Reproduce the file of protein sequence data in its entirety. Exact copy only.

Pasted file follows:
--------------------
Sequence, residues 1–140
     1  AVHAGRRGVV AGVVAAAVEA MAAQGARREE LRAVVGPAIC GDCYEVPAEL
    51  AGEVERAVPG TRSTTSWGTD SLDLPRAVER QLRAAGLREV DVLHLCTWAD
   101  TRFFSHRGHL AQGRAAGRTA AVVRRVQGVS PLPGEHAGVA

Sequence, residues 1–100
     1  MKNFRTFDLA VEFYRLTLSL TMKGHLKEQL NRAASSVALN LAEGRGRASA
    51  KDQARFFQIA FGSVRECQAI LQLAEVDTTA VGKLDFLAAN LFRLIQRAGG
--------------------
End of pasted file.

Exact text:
Sequence, residues 1–140
     1  AVHAGRRGVV AGVVAAAVEA MAAQGARREE LRAVVGPAIC GDCYEVPAEL
    51  AGEVERAVPG TRSTTSWGTD SLDLPRAVER QLRAAGLREV DVLHLCTWAD
   101  TRFFSHRGHL AQGRAAGRTA AVVRRVQGVS PLPGEHAGVA

Sequence, residues 1–100
     1  MKNFRTFDLA VEFYRLTLSL TMKGHLKEQL NRAASSVALN LAEGRGRASA
    51  KDQARFFQIA FGSVRECQAI LQLAEVDTTA VGKLDFLAAN LFRLIQRAGG